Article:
Limited prior studies have compared the differences in cancer CC between rural and urban populations [5, 12,13,14,15,16]. Some studies reported more challenges with CC in rural communities compared with the urban due to the limited access to health care providers and community services, fewer providers of specialized care, and lack of effective communication between specialist and primary care [5, 13]. In contrast, studies by Mollica et al. reported more positive perceptions of CC among rural patients getting care quickly compared to urban patients [14, 15]. Some potential explanations regarding their results of more positive CC experience among rural patients include different expectations to care access in rural residents compared to urban residents, longer wait times for urban residents, and selection bias in Medicare beneficiaries. Overall, research regarding cancer CC in rural populations is limited, and there are major gaps in understanding the perceptions of CC among rural cancer patients.

Our study addresses the knowledge gap of cancer CC in rural patients, specifically in rural Hawaii, by exploring the perceptions of CC through a qualitative study. Rural Hawaii patients face challenges in seeking care such as physician shortages [17] and lack of specialty care in local clinics. Assessments on the Hawaii physician workforce prior to the COVID-19 pandemic showed that there was a high percentage of physician shortage in Hawaii, especially on the islands that are mostly rural [18]. Moreover, recent reports also estimated that 10% of providers have retired or closed their practices since the start of the pandemic [17]. With locum physicians providing oncology care in many rural areas in Hawaii, the limited medical resources and specialty cancer care in rural Hawaii mean that many cancer patients residing on the more rural islands have to travel by air to the more urban Oahu island to obtain cancer treatment. The lack of available health professionals and need for air-travel present as some of the unique barriers for rural patients in Hawaii. However, there is no prior research on how these barriers are perceived by these patients.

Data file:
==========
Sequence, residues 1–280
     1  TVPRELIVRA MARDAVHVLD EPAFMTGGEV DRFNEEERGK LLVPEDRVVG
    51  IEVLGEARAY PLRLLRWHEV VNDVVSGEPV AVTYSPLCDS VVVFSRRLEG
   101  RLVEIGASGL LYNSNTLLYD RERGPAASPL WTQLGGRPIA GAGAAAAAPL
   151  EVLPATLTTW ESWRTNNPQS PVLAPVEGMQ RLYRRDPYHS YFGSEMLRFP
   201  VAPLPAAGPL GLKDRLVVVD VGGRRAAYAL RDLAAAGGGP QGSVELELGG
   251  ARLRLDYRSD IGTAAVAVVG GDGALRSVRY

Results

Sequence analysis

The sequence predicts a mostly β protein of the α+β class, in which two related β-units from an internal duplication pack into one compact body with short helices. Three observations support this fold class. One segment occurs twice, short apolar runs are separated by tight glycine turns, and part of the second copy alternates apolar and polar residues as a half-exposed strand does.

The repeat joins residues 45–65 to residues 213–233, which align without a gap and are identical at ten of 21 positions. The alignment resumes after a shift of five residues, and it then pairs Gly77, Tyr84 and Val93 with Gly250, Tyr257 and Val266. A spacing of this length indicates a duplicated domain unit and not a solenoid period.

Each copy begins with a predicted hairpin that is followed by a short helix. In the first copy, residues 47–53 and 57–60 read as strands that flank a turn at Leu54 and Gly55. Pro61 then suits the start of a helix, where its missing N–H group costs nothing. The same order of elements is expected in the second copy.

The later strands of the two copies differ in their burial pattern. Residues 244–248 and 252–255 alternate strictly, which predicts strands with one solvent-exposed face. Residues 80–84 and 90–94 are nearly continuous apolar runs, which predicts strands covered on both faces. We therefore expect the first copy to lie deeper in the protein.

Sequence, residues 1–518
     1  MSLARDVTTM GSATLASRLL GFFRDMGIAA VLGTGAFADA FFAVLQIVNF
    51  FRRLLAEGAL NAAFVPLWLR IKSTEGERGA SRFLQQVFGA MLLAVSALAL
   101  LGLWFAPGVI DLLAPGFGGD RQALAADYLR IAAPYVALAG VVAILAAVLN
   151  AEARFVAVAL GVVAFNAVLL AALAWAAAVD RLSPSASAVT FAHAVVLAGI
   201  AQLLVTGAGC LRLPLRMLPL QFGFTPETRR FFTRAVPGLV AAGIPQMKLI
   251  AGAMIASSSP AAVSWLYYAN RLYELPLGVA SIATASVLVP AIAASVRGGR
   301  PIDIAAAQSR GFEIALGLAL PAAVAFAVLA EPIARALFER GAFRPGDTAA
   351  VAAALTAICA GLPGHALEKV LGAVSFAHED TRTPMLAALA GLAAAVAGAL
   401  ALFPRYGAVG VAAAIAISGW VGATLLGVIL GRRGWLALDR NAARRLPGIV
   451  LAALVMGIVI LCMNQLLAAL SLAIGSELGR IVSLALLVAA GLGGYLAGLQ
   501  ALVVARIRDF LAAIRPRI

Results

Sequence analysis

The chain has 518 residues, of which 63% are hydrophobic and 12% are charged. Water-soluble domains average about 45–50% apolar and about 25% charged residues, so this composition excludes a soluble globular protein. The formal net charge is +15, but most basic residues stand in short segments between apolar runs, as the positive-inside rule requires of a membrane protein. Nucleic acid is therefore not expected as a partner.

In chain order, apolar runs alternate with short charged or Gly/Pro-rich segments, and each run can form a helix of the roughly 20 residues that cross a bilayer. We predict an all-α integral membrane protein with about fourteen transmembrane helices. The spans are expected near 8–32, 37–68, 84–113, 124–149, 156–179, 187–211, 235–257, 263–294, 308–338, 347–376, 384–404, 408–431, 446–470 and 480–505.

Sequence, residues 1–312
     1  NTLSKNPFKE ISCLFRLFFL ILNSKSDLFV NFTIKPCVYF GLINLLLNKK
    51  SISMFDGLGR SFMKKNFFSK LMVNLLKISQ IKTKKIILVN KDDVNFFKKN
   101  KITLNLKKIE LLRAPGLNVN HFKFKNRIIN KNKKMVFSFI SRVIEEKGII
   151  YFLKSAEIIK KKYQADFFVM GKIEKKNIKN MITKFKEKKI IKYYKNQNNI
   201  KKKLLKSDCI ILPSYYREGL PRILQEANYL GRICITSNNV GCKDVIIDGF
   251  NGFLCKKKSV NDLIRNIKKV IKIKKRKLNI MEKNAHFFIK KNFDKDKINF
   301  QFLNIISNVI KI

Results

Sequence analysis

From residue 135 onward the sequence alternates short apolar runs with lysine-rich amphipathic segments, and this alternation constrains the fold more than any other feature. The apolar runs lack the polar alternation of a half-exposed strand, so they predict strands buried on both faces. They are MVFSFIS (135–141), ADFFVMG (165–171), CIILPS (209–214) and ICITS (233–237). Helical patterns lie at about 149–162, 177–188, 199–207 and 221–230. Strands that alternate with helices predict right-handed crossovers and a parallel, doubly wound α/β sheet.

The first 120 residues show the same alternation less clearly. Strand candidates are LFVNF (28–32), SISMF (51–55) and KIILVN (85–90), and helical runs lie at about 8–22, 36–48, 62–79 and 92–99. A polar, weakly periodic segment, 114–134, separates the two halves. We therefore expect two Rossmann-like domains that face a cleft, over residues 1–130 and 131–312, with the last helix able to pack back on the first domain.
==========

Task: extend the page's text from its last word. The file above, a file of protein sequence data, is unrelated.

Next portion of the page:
In this qualitative study, we explored the specific challenges and positive experiences that impact the CC in rural Hawaii cancer patients. Rural populations in Hawaii are often excluded in US population-based studies, and this study contributes new knowledge in an understudied population. These findings can be used to further improve CC in rural areas in the future.



In this study, we conducted two semi-structured focus group interviews with a subset of patients (n = 8) from a previous care coordination survey study. The care coordination study has been described elsewhere [19]. Participants were recruited from rural areas of Hawaii, specifically the Hawaii county and Kauai, and were receiving active treatment for any type of cancer. Rural was defined using the Rural-Urban Commuting Area Codes (RUCA; rural ≥ 4). The focus group participants were identified through a supplemental questionnaire in the previous study that probed for interest in focus group participation. The study was approved by the University of Hawaii Institutional Review Board.

Study design

The research team coordinated two focus groups (n = 4 each) based on the times and days convenient to the participants. Prior to the start of the focus group discussions, verbal consent was again obtained from all participants. The interviews were conducted virtually over zoom (R.F.H., C.B., and I.O.) due to the pandemic and to allow remote participation. The interview questions were developed by the research team prior to focus groups and encompassed open-ended questions designed to explore care coordination (see supplement for the discussion guide). All focus group discussions were audiotaped and transcribed verbatim, with each participant’s comment anonymously attributed.

Qualitative analysis